Garda chief concerned at ‘worrying’ rise in Galway rapesOctober 12, 2012 - 7:30am
By Dara Bradley
Galway’s most senior Garda has expressed concern at the rise in the number of rapes perpetrated in Galway City – official figures show one rape every month was reported to Gardaí.
Chief Superintendent Michael O’Sullivan said it was “worrying” that there has been a 33 per cent increase in the numbers of rapes of male or female victims reported to Gardaí in the city in the first eight months of this year compared with the same period last year.
The official figures showed eight rapes were reported to Galway Gardaí during that period.
However, Rape Crisis Network Ireland, which supports the Galway Rape Crisis Centre, believes that the actual number of rapes could be as much as 80, ten times the actual reported figure.
Cliona Sadlier of the Rape Crisis Network Ireland said that an extensive prevalence study carried out by the organisation discovered a huge underreporting of sexual violence – just 10% of victims, according to the study, report rape or sexual assaults while 50% don’t tell anybody at all.
“There is a huge amount of silence around it . . . the actual figure could easily be ten times the official Garda figures,” she said.
However, Ms Sadlier said that the rise in the numbers of sexual assaults reported to Gardaí was not necessarily a bad thing – it could be that victims had more trust in Gardaí. The fact that Garda figures showed a rise in rapes doesn’t necessarily mean that the actual number has risen and it only shows that the numbers reported has risen, she said.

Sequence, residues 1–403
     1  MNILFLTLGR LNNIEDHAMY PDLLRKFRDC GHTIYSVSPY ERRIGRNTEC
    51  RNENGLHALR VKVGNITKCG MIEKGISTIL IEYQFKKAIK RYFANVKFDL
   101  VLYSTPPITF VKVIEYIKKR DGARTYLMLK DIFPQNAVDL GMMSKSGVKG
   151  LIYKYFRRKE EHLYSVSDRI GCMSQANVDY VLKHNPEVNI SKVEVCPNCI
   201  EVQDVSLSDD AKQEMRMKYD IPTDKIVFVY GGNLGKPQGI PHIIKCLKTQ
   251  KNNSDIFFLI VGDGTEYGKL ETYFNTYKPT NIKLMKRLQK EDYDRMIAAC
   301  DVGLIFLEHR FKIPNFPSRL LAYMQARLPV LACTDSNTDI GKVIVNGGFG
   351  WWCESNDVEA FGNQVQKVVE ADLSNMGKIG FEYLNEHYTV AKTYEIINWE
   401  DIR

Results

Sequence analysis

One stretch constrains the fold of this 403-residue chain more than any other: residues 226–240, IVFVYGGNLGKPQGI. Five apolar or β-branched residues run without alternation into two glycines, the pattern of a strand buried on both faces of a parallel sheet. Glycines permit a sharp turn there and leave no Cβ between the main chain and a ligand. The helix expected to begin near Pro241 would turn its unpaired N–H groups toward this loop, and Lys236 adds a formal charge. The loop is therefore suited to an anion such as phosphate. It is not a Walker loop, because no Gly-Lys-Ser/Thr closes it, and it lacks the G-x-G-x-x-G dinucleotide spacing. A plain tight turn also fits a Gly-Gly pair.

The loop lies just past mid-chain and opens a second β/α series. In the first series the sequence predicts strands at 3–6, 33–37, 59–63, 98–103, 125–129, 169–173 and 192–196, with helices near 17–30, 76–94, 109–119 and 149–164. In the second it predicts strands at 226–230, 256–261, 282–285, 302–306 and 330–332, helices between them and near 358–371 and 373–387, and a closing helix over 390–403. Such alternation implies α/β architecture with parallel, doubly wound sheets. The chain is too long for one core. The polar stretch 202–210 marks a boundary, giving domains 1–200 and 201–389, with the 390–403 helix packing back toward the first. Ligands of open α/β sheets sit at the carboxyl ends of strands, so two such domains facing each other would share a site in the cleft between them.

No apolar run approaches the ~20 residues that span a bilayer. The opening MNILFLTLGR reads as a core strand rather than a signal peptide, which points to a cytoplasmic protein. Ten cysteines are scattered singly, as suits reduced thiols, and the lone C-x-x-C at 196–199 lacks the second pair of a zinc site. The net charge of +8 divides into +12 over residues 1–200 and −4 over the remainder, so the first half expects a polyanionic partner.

Ms Sadlier said high profile allegations against BBC’s Jimmy Saville means that the general populace is talking about sexual violence and rape more now than years ago and this could be leading to increase in reportage to Gardaí and rape crisis centres.
Meanwhile, in his report to the Galway City Joint Policing Committee (JPC) Chief Supt O’Sullivan there was more encouraging news in terms of general assaults.
The official figures showed that all categories of assaults (not including sexual) had fallen across the board.
Assaults causing harm are down 27% to 21 incidents in the period January to August. There were 146 minor assaults recorded in that period, a reduction of 13%.
Read more in today’s Galway City Tribune